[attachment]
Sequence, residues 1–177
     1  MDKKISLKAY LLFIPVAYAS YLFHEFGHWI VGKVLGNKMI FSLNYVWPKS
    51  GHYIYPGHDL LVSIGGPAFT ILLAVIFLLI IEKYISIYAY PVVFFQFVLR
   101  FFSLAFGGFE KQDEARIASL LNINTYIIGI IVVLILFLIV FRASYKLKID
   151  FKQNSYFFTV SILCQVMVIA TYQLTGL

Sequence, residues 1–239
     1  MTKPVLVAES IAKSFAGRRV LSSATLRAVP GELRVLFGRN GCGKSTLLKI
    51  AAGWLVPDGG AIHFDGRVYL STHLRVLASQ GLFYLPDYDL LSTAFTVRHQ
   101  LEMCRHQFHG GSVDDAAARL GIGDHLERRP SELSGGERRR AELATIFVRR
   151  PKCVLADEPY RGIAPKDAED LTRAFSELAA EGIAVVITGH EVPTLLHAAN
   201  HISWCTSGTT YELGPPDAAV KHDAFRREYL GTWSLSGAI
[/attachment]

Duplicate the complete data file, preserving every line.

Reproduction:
Sequence, residues 1–177
     1  MDKKISLKAY LLFIPVAYAS YLFHEFGHWI VGKVLGNKMI FSLNYVWPKS
    51  GHYIYPGHDL LVSIGGPAFT ILLAVIFLLI IEKYISIYAY PVVFFQFVLR
   101  FFSLAFGGFE KQDEARIASL LNINTYIIGI IVVLILFLIV FRASYKLKID
   151  FKQNSYFFTV SILCQVMVIA TYQLTGL

Sequence, residues 1–239
     1  MTKPVLVAES IAKSFAGRRV LSSATLRAVP GELRVLFGRN GCGKSTLLKI
    51  AAGWLVPDGG AIHFDGRVYL STHLRVLASQ GLFYLPDYDL LSTAFTVRHQ
   101  LEMCRHQFHG GSVDDAAARL GIGDHLERRP SELSGGERRR AELATIFVRR
   151  PKCVLADEPY RGIAPKDAED LTRAFSELAA EGIAVVITGH EVPTLLHAAN
   201  HISWCTSGTT YELGPPDAAV KHDAFRREYL GTWSLSGAI